How long did it take to climb Mount Kilimanjaro (how many days, hours per day, etc.) What was the weather like during your climb and how did that affect your progress?

Peggy: We were set to climb for nine days. We climbed for six. We hiked about eight hours a day but that included breaks and lunch. We would climb for five hours and then rest, but it’s very slow. You go “poli-poli.” That is Swahili for “slowly, slowly.” The reason they go slow is to acclimate you to the altitude. It rained and snowed all six days that we were on the mountain. There was snow in places that they had never seen snow before. The weather didn’t slow our progress. We just hiked through it. We made it to 15,600 feet. The day we were to summit we woke up to 20 inches of snow. No one on the mountain made it to the top for at least two days.

Joel: The weather was absolutely crappy. After the first day the sun went away and never came back. It was raining the first three days, followed by ice storms and snowstorms. It took us seven days to get about three hours from the top, at which point we got stopped by the worst blizzard (the guides said) in Tanzanian history. The night before we were supposed to summit, our tent was buried under 3 feet of snow and the guides had to dig us out. I was disappointed, but the experience was far more important than actually summiting. We are going to go back one of these days and do it again.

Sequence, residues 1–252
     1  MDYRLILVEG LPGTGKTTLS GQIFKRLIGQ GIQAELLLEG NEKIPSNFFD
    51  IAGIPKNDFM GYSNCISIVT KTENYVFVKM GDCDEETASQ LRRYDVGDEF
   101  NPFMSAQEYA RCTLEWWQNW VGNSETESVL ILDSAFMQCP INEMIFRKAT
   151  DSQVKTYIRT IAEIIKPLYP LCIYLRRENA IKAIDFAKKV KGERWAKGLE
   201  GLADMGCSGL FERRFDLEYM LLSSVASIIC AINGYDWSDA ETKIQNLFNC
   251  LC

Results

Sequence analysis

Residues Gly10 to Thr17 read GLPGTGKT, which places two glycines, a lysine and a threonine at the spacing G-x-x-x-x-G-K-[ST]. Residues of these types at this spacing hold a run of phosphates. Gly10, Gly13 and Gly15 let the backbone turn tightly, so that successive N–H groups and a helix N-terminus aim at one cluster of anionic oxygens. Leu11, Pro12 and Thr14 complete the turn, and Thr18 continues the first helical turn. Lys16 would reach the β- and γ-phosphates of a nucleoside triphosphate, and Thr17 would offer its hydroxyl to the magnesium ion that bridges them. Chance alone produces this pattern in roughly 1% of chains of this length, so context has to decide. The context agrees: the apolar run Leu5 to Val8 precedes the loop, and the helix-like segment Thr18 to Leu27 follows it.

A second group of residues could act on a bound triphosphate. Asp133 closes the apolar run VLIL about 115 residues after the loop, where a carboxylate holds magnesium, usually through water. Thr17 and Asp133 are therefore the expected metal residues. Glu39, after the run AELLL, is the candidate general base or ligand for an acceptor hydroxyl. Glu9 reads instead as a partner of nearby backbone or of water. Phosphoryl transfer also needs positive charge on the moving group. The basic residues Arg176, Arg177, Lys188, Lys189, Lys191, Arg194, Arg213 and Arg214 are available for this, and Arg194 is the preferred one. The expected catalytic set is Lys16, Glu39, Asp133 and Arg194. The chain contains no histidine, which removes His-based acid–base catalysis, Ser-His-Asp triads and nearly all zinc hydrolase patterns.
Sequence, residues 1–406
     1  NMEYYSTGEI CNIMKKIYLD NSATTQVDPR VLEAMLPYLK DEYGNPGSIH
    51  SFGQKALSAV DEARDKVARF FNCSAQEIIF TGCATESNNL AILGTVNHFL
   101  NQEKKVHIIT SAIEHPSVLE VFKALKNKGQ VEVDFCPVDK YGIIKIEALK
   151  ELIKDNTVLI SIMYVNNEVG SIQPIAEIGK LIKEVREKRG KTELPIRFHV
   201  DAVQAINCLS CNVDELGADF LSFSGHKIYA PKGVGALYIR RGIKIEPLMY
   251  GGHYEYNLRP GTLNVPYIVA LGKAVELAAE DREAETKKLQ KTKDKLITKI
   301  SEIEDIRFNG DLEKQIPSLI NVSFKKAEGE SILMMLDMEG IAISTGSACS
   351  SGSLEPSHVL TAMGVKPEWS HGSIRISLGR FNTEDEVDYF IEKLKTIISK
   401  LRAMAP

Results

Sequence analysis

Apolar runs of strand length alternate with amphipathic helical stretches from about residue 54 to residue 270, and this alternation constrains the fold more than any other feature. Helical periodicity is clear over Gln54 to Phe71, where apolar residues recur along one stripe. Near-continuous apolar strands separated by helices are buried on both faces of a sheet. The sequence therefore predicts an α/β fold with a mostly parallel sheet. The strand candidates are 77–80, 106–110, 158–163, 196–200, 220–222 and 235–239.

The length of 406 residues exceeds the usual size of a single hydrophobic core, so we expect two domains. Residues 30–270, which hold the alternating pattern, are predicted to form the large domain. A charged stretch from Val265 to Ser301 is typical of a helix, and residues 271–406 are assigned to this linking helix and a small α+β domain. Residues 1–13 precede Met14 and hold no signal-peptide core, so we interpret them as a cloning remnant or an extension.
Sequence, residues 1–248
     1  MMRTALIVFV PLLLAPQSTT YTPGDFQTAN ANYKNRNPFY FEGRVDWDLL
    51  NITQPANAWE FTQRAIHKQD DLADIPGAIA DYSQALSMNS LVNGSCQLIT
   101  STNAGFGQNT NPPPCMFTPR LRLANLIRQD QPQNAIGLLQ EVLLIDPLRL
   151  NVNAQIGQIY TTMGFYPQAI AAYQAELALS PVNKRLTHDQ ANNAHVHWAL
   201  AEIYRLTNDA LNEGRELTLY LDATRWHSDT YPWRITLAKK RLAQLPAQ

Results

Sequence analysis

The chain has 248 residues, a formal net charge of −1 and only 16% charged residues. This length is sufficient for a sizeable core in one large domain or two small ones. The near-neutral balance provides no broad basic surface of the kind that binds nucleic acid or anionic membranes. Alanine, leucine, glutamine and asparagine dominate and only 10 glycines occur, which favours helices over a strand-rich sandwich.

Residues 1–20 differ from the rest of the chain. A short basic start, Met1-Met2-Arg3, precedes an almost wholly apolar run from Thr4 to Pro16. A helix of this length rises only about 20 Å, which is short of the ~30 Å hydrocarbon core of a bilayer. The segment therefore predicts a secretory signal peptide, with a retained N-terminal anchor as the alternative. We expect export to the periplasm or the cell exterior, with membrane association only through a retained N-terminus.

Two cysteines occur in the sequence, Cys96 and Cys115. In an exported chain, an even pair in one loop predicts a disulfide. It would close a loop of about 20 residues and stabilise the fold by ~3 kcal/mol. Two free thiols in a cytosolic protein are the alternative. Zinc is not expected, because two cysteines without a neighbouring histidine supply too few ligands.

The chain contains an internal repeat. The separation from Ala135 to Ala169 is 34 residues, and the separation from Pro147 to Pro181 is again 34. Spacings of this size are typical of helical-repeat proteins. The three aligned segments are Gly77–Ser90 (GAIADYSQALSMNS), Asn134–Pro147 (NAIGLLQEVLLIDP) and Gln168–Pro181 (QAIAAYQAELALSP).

How difficult was it?

Peggy: It’s not a hard hike, although there were some switchbacks. For somebody who is not a hiker they might think it’s very hard to hike. You don’t use any ropes or ice picks, nothing like that. It is pure walking, and you walk very slowly. I would never tell anyone who hasn’t hiked before to climb Mount Kilimanjaro, but if you are a hiker then you might enjoy something like this. When things got hard for me I used my breathing from Pilates. We do a lot of core work so that helped me in training for the mountain.

Joel: In good weather it’s a very easy climb if you have any kind of climbing experience. The five-day route has only a 52 percent success route versus the nine day route, which has about a 95 percent success rate. The thing that turns people back in good weather is the altitude. That’s why we took the longer nine-day route, and we didn’t get altitude sickness. The problem for us was the weather.

What did you think of the experience?

Peggy: The experience was amazing. When you hike Mount Kilimanjaro you go through a rain forest. Then most of the way up the mountain is very volcanic and rocky, not much different than the trails in Tucson.

Joel: I loved it! It was fantastic! I’d go back in a second. I loved just being in Africa, doing something that exotic and out of the ordinary. I enjoyed meeting the guides who were uniformly incredible people and very nice men. “The Snows of Kilimanjaro” – if it’s good enough for Hemingway, it’s good enough for me.